Searching for History
A Page of History
Searching for something to write a column about can be a slow process sometimes, and going through my mother Marion Deaver's files can be frustrating at best.
There is tons of material there, but some of it is her handwritten notes on a subject before she put the article together. Her handwriting is not always discernible and I tend to defer to her written copies of history that she recorded. When I run out of those I will have to begin the arduous task of copying those notes.
I recently found a carbon copy of what may be a transcript of a talk given by Tehachapi Pioneer Herb Force.
He tells the story of how he acquired two old tombstones which had once marked the graves of two infants, which were discovered in a forgotten corner of a friend's property.
He said that the neighbor, Otto Lamb, had his men burning weeds on the southwest corner of his property when they discovered two old tombstones. The man brought them to Force for safekeeping because he remembered how the Shields cemetery had been vandalized. He thought maybe they had come from that cemetery.
Force said the tombstones were from the graves of two infants, Albert Diers, born in 1879 and died May 31, 1881. The other was from the grave of Clarence Benjamin Campbell, who died August 12, 1890, age nine months and three days.
Force noted that the family names were not listed and that created a problem for tracing them.
Force turned to then Kern County Museum Curator Richard Bailey, who had his secretary search the county records to find that several Diers were recorded in the area, from 1879 to the 1890s, as were some Campbells. Force explained that he asked, "All the old-timers around here about it, but none of them had heard of either name." He had been pronouncing the name as "Dyers" so no one recognized it.
Then one day an elderly man came to Force's house, and introduced himself as Henry Diers Jr., even showing Force his driver's license. He pronounced his name as "deers". Force said that was why none of the old-timers recognized the name.
Force added that Mr. Diers said the newspaper office had sent him to Force. When Force showed him the tombstones Diers was much moved and cried, "My brother that I never saw!"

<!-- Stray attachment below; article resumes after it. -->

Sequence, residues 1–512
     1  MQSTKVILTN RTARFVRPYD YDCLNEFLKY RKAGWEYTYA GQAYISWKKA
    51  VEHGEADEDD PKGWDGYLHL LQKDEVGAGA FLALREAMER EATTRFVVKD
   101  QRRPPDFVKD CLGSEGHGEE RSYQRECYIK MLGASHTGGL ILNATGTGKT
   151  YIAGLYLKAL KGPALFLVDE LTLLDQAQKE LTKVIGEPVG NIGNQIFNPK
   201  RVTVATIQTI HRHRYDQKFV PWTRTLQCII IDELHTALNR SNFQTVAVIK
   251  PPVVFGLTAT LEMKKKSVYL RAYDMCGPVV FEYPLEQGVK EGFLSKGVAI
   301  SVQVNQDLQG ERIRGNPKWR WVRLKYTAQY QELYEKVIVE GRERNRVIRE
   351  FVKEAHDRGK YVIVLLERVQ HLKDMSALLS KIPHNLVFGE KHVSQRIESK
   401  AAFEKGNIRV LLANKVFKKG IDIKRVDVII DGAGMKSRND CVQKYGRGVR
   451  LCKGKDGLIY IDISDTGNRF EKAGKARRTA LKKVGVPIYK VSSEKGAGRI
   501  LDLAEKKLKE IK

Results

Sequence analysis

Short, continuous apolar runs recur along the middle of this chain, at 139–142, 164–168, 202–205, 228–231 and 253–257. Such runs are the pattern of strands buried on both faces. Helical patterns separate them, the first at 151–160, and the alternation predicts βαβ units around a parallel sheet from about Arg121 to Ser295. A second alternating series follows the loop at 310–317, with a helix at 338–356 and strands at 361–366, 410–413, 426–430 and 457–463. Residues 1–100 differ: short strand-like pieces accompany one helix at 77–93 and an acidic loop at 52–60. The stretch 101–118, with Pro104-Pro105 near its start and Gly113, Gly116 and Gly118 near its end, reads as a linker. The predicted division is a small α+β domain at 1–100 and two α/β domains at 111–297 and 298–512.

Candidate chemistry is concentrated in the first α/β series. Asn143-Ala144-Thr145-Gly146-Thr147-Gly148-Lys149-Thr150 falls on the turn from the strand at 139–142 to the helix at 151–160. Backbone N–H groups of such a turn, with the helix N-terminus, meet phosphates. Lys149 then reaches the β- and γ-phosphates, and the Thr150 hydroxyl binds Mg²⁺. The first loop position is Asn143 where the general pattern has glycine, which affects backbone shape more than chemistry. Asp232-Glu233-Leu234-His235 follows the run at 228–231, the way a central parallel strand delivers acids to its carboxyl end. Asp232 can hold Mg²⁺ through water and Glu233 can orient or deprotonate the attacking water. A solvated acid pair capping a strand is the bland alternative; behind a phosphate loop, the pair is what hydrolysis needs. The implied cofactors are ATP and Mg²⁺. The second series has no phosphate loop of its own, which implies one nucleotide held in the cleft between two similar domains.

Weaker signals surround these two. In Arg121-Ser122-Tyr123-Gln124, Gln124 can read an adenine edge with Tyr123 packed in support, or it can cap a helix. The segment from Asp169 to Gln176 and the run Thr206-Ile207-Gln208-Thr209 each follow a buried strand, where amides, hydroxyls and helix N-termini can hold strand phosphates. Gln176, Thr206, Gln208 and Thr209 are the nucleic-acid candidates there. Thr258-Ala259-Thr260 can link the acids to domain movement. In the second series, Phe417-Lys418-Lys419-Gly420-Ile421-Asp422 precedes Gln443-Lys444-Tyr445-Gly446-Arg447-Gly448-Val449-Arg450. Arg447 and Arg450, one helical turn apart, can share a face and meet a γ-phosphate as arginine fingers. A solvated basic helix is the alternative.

Diers' father, Henry Diers, had settled on the property later known as the Milo Sprinkle ranch in 1870. Henry Jr. was born in 1886, so when Force met him in 1966 he was 80 years old.
He asked if Force had ever heard of Aunt Tenny Smith, and Force said her granddaughter lived just across the street from him and his wife Ola Force.
He explained that Erma Heath Johnson, his neighbor, had spoken of Aunt Tenny many times. He added that Aunt Tenny and Amanda Brite, wife of John Moore Brite, were Tehachapi's first settlers in 1854 (and ancestors of my now deceased husband Ed Wiggins), and that the two women had delivered the first white child born in the Tehachapi Valley, and a few months later had prepared the body of the mother, Mrs. Alex Prewitt for burial in the old Shields Cemetery in 1858.
Mr. Diers also told Force that his mother's grandfather was Colonel Thomas Baker, who helped settle the town of Bakersfield.
As Force sat drinking coffee with Diers and Howard Fong, who had brought Diers to Tehachapi, he said that he told the other two how wonderful that the mystery had been solved so simply by meeting Diers.
Force said Fong claimed it was "an act of providence". Of course, as Paul Harvey used to say, we still need the "rest of the story".
This week I will speak with Heritage League members to determine if those little tombstones were placed in the Shields Cemetery, or if anyone knows where they went. Any news that I obtain will be in a future column.
I must admit I was in that cemetery recently for Dia De Los Muertos, and saw some infant grave markers but did not note the names.
Time for another visit.